We live in a time of political uncertainty and perpetual conflict. While it’s easy to give up and say that you can’t change the world, that one person can’t make a difference, the inspiring life of Mahatma Gandhi (1869-1948) proves us wrong. Gandhi is the living embodiment of the values of democracy, and he inspires us to do good without ever giving up.
The Father of the Indian Nation

Leader of the Congress Party in 1921, Gandhi led national campaigns to reduce extreme poverty in India, give more rights to women, establish peace between hostile ethnic and religious groups, and gain the independence of the people. Perhaps his greatest legacy is the way he used non-violence to combat oppression, a belief adopted today by thousands of followers of peaceful resistance around the world. Indians often refer to him as the father of the nation. He owes his exceptional leadership to his way of building bridges between different communities: upper and lower caste Hindus, Muslims, Christians. Gandhi believes in the goodness of people, regardless of their religion, social class or gender. For him, no religion surpasses the pure force of true faith.

Strength of peaceful opposition

Eternally optimistic, Gandhi always believed in the ability of the human being to evolve towards a higher level of consciousness. This is what he demonstrated by leading by example into old age, turning every crisis and conflict into an opportunity for spiritual growth. “I never stopped being optimistic,” he said. « Even in the darkest moments, I always cultivated hope.».

Gandhi advocated religious harmony, he wanted equal rights for Muslims in India. When violence broke out between Muslims and Hindus, he resorted to fasting, repeatedly threatening to let himself die. He intended to be judged on deeds rather than words and firmly believed that his personal suffering would prompt men to lay down their arms.

Strengthened by this moral philosophy, his public and private life are closely linked. “Only the service of others makes it possible to apprehend the truth and discover the true nature,” he confides. He clearly showed us the power of peaceful opposition in the face of oppression, injustice and brutality.

However, non-violence is not about abstaining from any real struggle. It took a lot of courage for him to confront the violence and strengthen his convictions. “I oppose violence,” he once said, “because when it seems to produce good, the resulting good is only transitory, while the evil produced is permanent.”. Tragically, the irony is that Gandhi’s life ends in violence. He was assassinated on January 30, 1948 by the Hindu nationalist Nathuram Godse. Nearly 70 years after his death, the legacy he left us continues to live on and remains a true source of inspiration. In 2007, the United Nations General Assembly proclaimed 2 October, Gandhi’s birthday, the International Day of Non-Violence.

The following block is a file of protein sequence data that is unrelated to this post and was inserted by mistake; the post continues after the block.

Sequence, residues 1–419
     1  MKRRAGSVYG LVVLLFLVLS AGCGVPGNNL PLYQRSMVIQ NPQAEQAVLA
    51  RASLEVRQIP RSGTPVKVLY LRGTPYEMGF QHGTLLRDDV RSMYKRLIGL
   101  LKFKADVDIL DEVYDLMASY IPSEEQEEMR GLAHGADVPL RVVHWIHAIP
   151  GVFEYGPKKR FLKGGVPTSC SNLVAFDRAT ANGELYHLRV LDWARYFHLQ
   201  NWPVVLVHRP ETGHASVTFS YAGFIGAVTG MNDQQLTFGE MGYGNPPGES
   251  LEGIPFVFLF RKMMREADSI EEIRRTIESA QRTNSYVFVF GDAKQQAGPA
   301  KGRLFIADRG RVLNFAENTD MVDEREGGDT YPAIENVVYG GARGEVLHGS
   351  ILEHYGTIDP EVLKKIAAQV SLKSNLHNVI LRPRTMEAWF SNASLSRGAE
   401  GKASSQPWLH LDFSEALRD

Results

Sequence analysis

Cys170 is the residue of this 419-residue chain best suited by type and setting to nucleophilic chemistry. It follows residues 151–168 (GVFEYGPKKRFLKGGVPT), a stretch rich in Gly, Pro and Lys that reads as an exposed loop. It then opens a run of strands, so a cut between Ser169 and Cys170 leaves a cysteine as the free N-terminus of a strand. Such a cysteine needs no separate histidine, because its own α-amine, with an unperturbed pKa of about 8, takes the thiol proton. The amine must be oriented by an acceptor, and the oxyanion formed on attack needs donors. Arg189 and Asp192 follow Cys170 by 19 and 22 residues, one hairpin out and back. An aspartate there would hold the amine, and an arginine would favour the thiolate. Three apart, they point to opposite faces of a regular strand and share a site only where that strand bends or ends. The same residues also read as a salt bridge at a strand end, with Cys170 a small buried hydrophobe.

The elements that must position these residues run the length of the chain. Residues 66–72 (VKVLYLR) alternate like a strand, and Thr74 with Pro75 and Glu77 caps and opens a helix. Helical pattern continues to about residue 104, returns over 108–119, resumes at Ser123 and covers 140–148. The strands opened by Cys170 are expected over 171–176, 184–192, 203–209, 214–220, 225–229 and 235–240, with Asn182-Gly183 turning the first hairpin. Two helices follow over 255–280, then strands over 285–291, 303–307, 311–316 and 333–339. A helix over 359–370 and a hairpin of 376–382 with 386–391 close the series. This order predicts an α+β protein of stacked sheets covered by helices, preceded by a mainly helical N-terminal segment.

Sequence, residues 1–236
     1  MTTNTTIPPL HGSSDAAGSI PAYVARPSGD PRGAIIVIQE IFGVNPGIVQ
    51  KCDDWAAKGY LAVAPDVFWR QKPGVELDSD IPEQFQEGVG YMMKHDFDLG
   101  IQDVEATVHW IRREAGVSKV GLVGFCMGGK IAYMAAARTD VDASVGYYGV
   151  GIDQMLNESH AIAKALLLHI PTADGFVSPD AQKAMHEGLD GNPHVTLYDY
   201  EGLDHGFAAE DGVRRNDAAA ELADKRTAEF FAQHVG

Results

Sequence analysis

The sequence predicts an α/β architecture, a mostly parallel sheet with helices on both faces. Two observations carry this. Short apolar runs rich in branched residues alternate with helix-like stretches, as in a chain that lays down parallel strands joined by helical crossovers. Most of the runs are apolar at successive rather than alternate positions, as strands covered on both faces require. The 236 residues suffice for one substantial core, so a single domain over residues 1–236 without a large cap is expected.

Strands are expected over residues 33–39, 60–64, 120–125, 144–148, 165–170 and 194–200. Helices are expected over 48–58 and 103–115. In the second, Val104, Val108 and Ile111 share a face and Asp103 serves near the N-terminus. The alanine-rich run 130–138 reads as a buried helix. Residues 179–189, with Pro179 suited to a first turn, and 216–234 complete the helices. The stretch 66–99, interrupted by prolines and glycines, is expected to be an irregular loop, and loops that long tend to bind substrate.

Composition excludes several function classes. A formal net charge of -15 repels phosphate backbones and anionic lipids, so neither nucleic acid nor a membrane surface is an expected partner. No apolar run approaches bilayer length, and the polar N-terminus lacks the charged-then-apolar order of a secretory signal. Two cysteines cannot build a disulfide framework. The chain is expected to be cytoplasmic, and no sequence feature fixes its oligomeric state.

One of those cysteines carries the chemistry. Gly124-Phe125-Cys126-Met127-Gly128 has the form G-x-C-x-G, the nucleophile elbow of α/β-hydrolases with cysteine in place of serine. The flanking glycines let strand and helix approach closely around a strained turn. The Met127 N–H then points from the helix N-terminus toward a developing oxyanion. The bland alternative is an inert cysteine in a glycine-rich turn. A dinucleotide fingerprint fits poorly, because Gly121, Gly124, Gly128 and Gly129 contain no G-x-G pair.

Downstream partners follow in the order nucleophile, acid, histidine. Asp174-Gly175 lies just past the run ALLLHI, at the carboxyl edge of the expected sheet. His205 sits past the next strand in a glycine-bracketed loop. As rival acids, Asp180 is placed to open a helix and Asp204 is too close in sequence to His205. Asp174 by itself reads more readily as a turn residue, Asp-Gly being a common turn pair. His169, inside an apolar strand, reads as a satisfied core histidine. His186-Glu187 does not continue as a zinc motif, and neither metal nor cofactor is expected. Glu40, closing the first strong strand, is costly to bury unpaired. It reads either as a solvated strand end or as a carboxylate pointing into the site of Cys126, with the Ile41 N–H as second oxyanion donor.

Leading by example

Gandhi’s life served as a shining example to many political leaders including Martin Luther King, Václav Havel and Nelson Mandela, all of whom fought for social change. Their powerful message to us is to respect human dignity and reject intolerance. This is something we should all think about, especially considering the current political climate, where so many countries seem deeply divided in their way of thinking, that it would seem that there are two nations instead of one. While it is tempting to read the news and conclude that you cannot change anything about this sad situation, it is enough to remember Mahatma Gandhi and how he embodied the change he wanted to see in the world to convince yourself otherwise. One person can make a difference; our best hope for the future is to look to those men, women and movements that have positively acted in the past.

Do you think you can make the difference with your behaviours?

one black chess piece separated from red pawn chess pieces
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